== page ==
Supplying Economics on Demand
Three percent sounds like a small number, but it is not quite that tiny when discussing economic growth. Considering we had a gross domestic product of 18.46 trillion dollars at the end of 2016, even the smallest percentage fluctuation is significant. Currently, the U.S. economy’s growth rate is wavering around 2 percent.
President Trump claimed throughout his campaign that he could help our economy hit that 3 percent. He has even gone as far to say that we can hit 4, 5, or even 6 percent growth. Yes, between 1948 and 2005, our annual economic growth rate had hit 3 percent two-thirds of the time. But since 2005, it has not risen above 2.7 percent. Additionally, the Congressional Budget Office and other forecasters are predicting an average economic growth rate over the next decade that won’t even hit 2 percent.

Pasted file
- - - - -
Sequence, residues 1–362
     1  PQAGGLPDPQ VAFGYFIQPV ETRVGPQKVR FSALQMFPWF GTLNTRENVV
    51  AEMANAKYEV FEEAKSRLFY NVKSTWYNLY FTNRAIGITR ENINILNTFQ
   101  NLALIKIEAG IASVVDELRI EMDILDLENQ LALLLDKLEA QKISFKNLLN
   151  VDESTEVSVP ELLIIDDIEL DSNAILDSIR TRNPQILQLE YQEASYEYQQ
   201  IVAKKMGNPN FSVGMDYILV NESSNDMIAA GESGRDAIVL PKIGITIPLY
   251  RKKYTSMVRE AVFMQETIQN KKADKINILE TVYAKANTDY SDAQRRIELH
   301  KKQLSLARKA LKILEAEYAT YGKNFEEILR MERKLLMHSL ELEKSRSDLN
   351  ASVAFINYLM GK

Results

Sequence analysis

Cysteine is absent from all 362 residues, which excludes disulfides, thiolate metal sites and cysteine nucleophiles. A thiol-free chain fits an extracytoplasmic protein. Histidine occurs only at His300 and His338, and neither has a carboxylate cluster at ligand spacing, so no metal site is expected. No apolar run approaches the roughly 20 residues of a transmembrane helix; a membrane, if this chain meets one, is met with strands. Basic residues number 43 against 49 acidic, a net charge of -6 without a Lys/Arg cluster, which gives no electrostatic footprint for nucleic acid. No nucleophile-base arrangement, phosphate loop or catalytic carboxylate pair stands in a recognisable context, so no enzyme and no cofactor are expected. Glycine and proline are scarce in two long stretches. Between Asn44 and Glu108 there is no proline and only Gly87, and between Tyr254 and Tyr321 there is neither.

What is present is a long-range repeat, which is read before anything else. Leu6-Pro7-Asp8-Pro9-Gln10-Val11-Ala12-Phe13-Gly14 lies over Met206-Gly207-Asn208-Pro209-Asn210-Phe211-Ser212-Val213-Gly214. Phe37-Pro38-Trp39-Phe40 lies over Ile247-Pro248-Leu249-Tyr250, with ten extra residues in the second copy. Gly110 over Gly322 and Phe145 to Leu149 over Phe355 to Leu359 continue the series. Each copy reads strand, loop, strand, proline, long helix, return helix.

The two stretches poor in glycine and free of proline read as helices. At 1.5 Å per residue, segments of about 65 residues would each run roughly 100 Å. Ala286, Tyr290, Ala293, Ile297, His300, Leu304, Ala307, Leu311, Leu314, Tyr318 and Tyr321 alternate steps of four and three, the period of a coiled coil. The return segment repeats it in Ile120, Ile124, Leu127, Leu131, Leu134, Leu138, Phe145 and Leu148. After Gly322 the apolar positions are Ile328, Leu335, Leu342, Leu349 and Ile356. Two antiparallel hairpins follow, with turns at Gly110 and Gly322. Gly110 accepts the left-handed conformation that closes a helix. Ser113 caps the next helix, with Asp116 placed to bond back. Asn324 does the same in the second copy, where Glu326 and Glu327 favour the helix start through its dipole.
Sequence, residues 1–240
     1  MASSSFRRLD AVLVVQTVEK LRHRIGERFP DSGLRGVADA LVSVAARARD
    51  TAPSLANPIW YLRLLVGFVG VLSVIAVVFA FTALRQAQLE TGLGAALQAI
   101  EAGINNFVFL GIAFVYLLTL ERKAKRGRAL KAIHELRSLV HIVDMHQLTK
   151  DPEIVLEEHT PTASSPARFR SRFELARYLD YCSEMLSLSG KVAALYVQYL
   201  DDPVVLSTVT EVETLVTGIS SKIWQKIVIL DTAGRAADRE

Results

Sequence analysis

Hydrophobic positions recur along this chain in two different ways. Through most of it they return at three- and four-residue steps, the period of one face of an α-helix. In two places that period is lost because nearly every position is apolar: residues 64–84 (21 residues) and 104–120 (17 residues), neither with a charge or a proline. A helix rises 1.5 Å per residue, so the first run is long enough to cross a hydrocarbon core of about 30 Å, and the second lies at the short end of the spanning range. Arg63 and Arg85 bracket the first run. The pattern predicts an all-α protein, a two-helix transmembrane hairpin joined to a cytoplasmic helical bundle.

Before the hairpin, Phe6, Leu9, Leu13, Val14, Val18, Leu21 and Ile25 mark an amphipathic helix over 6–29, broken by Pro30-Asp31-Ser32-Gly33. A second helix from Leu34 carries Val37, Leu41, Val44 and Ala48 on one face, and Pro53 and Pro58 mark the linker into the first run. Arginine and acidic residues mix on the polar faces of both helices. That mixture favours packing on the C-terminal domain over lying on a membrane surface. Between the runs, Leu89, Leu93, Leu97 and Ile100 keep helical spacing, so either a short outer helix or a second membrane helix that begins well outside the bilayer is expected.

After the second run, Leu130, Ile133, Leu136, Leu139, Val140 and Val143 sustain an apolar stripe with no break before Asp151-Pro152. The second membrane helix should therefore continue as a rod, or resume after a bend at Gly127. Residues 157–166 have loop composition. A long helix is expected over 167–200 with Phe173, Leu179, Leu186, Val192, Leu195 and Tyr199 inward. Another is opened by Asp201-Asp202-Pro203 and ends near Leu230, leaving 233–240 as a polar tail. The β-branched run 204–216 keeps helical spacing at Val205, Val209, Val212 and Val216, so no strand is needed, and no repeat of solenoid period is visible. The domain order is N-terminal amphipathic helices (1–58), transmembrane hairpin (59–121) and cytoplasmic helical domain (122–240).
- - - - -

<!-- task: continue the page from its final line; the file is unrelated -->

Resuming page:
On Nov. 8, 2016, Indian Prime Minister Narenda Modi made an unexpected announcement for demonetization. People had about 50 days to turn in their 500 and 1000 rupee notes, representing approximately 86 percent of India’s currency, for new currency notes. Demonetization moved India towards a less cash-intensive society while also temporarily halting the economy.
Why demonetization? One goal was to promote modernization. Modi believed that businesses could become more competitive with electronic payments. Another goal was to keep people safer. Keeping cash in drawers makes homes more attractive targets for robbers. The most important goal, however, was to combat corruption and tax evasion.